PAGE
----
Visitors to the Sunshine Coast’s famous Eumundi Markets enjoy the shade of Memorial Drive’s mature figs, camphor laurels and lilly pillies, but few shoppers will know the significance of the trees, or the stories of the men and grieving families they remember.
Between 1914 and 1918, 87 sons of Eumundi and the surrounding district enlisted to serve in the Great War. 20 would not return.
“Teddy went missing in action,” recounts Roy Sirl of his great uncle, Edward (Teddy) Allen. “And Old Ned, his father, always insisted he’d come home — right ‘til he died. He’d say, ‘Ted’ll come back’. Because he wasn’t reported killed, he was reported missing. ‘Ted’ll come home,’ he’d say. He never gave in.”
The missing Edward Allen’s resting place is thought to be Polygon Woods in Belgium, the site of a battle that saw 5,770 Australian casualties and shelling that reduced the one-time woodland to little more than stumps and broken timber.
On October 6, 1917, the Eumundi Women’s Recruiting Committee planted six Queensland figs along Main Street (now Memorial Drive) and Gridley Street, and with relatives of the fallen they would add another 14 trees over the next two years. In total, 20 trees were planted, each representing a local whose life was lost in WW1. Many of the commemorated were born and bred Eumundi boys. Others had only just settled in the area. All were tragically taken too young.
One tree stands in remembrance of a life lost not to warfare, but to a pandemic.
27-year-old Cyril Frank Abraham, a miner in the Eumundi area, enlisted in October 1917. By late 1918, the cramped, wet, bitter conditions faced by his battalion in France threatened his lungs.
“He was moved from one hospital to another and they found that he had bronchial pneumonia,” says researcher Yvonne Atkinson in this oral history. “He was probably one of the victims of the Spanish Flu.”
The 1918-1919 influenza pandemic, known as the Spanish Flu or ‘La Grippe’, overlapped with the end of the World War for nine months and eventually killed between 50 and 100 million people worldwide. The crowding of troops in trenches, camps, transportation and field hospitals did nothing to slow the unstoppable virus. When the disease finally arrived in Australia it claimed more than 12,000 lives.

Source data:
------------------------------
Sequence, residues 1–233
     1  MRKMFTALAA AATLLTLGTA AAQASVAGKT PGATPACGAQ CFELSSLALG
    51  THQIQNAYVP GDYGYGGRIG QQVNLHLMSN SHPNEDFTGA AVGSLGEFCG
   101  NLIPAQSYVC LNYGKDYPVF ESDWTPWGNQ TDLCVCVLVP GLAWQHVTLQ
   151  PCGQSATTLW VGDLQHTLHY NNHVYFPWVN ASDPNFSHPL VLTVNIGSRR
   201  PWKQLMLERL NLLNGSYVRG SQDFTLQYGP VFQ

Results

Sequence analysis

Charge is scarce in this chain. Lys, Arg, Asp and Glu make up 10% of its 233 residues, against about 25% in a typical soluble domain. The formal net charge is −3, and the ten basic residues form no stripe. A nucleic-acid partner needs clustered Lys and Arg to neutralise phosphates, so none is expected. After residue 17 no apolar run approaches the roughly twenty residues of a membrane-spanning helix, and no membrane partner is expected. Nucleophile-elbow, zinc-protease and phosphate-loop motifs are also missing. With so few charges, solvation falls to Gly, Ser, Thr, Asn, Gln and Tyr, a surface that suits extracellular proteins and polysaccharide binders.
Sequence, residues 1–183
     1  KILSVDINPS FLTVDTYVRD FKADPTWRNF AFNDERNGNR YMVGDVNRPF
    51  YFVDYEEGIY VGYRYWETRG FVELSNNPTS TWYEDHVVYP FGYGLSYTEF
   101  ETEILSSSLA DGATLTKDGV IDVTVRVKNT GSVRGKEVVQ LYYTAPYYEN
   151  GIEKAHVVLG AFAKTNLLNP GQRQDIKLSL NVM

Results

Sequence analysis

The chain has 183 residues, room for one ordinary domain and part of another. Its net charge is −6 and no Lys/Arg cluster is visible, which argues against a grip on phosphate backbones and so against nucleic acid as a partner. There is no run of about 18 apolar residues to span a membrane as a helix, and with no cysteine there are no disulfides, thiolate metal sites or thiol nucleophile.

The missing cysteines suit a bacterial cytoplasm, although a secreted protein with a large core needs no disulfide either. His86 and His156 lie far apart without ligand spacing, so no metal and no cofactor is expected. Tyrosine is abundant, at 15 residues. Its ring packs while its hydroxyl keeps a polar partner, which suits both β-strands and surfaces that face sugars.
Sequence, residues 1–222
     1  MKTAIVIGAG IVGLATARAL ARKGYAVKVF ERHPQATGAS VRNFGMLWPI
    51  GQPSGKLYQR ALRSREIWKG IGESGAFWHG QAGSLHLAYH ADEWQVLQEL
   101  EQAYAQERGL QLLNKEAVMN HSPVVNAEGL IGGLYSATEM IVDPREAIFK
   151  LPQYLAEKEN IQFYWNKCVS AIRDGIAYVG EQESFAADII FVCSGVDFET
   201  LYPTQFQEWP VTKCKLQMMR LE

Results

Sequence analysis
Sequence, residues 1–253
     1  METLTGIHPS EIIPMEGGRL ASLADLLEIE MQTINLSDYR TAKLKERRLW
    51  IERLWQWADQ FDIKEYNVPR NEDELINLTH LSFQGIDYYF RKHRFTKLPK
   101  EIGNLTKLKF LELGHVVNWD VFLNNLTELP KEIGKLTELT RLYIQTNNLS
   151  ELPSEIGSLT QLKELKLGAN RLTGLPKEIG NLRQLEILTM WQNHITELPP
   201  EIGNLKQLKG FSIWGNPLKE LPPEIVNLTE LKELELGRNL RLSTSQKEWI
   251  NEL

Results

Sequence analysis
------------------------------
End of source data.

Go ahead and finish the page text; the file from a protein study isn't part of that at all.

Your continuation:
On 28 December 1918 the Journal of the American Medical Association wrote: “1918 has gone: a year momentous as the termination of the most cruel war in the annals of the human race; a year that marked the end, at least for a time, of man’s destruction of man; unfortunately a year in which developed a most fatal infectious disease causing the death of hundreds of thousands of human beings.
Medical science for four and one-half years devoted itself to putting men on the firing line and keeping them there. Now it must turn with its whole might to combating the greatest enemy of all — infectious disease.”
Unlike the flu he contracted, Cyril Abraham would never reach home and Australian soil. His illness was unforgiving and he died in October 1918. His body, moved once between cemeteries, remains in France.
Of the 20 original Eumundi memorial figs planted to commemorate WW1 servicemen, only five survive. The rest have been replaced over the years with three camphor laurels, three lily pillies, two flame trees (Brachychiton acerifolius) and a jacaranda. Original memorial plaques have also been replaced.
Today, the community and children of Eumundi gather at the Memorial Drive trees to commemorate ANZAC Day, for school projects, for art exercises, and for markets — when they’re not practicing social distancing.
Eumundi’s trees of tribute make up Queensland’s oldest Avenue of Honour, and are heritage listed.